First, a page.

The Epidemic of Type 2 Diabetes Mellitus Metabolic Consequences of Obesity Why Does it Predispose to T2DM Role of Lipotoxicity in the Development of Skeletal Muscle Insulin Resistance FFA and the Liver The epidemic of type 2 diabetes (T2DM) is a public health problem that threatens to spiral out of control in the twenty-first century. Early intervention can greatly mitigate the serious socioeconomic impact of the disease, driven largely by disabling microvascular complications and cardiovascular disease. Obesity is at the core of the epidemic of T2DM, affecting 2 3 of adults and reaching alarming rates in children in modern society. Our understanding of adipose tissue has evolved drastically in the past decade being now viewed as a dynamic endocrine organ responsible for the development or worsening of insulin resistance and lipotoxicity in obese individuals. Lipotoxicity describes the damage that occurs when chronic energy supply exceeds metabolic needs and lipid accumulates in...

Obesity and inflammation

The above data explain why an insulin-resistant state may be pro-inflammatory. They do not, however, explain the origin of insulin resistance. Mutations of the genes involved in insulin signal transduction provide one approach to the study of this issue in humans and in mice with specific gene knockouts. Such lesions are of interest but are too infrequent to provide a basis for the understanding of the pathogenesis of insulin resistance at large in humans. Thus, some recent observations on the interference of insulin signal transduction by inflammatory mechanisms are of great interest because obesity is a pro-inflammatory state (Figure 2.2). Even if we accept that inflammatory mechanisms are involved in the patho-genesis of interference with insulin signal transduction and of insulin resistance itself, how does inflammation arise Over the past decade, obesity has been associated with inflammation. This association was first proposed in a landmark paper by Hotamisligil et al. in which...

Hunt P. 1995 Dietary Counselling Theory Into Practice. J Inst Health Educ 33 4-8

Counselling strategies for dietary management expanded possibilities for effecting behaviour change. J Am Diet Assoc 1986 86 924-928. 9. Glanz K, Eriksen MP. Individual and community models for dietary behaviour change. J Nutr Educ 1993 25 (2) 80-85. 10. Hunt P. Dietary counselling theory into practice. J Inst Health Educ 1995 33 (1) 4-8. 28. Travis T. Patient perceptions of factors that affect adherence to dietary regimens for diabetes mellitus. Diabetes Educ 1997 23 (2) 152-156. 29. Delamater AM, Smith JA, Kurtz SM, White NH. Dietary skills and adherence in children with Type I diabetes mellitus. Diabetes Educ 1997 14 (1) 33-36. 31. Thomas D. Dietary care - negotiation or prescription Diabetes Care 1994 3 (3) 8-9. 39. Health Behaviour Change in Managed Care. A Status Report on Selected Evidence for Behavioural Risk Reduction in Clinical Settings Dietary Practices. Florida Centre for the Advancement of Health, 2000, http www.cfah.org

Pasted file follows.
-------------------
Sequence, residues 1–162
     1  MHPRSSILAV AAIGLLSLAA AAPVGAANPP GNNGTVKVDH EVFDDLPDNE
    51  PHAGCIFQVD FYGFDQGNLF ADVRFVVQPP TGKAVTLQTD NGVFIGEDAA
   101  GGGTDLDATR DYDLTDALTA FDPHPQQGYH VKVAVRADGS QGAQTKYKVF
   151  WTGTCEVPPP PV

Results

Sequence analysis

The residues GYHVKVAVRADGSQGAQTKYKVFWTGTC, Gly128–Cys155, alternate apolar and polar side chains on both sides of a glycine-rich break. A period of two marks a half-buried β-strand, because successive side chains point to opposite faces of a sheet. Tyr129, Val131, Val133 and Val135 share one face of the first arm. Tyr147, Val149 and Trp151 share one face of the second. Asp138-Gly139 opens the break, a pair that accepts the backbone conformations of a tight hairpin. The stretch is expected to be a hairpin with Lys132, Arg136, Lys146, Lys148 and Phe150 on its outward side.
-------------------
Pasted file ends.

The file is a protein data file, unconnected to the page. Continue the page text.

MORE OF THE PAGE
How Obesity Causes Diabetes Not a Tall Tale

The epidemic of obesity-associated diabetes is a major crisis in modern societies, in which food is plentiful and exercise is optional. The biological basis of this problem has been explored from evolutionary and mechanistic perspectives. Evolutionary theories, focusing on the potential survival advantages of thrifty genes that are now maladaptive, are of great interest but are inherently speculative and difficult to prove. Mechanistic studies have revealed numerous fat-derived molecules and a link to inflammation that, together, are hypothesized to underlie the obesity-diabetes connection and thereby represent prospective targets for therapeutic intervention. Type 2 diabetes stems from the failure of the body to respond normally to insulin, called insulin resistance, coupled with the inability to produce enough insulin to overcome this resistant state. This common form of diabetes is often associated with obesity, and the current epidemics of these two conditions are seemingly...

The approach to dietary prescription

The initial approach to the patient and the initial emphasis on diet and dietary alterations are of extreme importance. This may be the only advice the patient remembers, and first approaches to dietary intervention are liable to provide the best outcomes relative to both improved control and weight loss in the overweight obese diabetic. The restriction of single nutrients such as sugar, is not advised but dietary habits in general should be discussed, as well as the modification and reduction or increase in specific food groups, e.g. reduction in overall fat and increase in complex carbohydrate. Simple guidelines for dietary manipulation, suitable for the primary care health team to provide at the time of diagnosis, are preferable until, and if, fuller advice is given by the community and hospital dietitian. It is well recognized, however, that weight loss and maintenance in the overweight obese diabetic is more difficult than in the non-diabetic, generally speaking about half that...

Pathological causes of obesity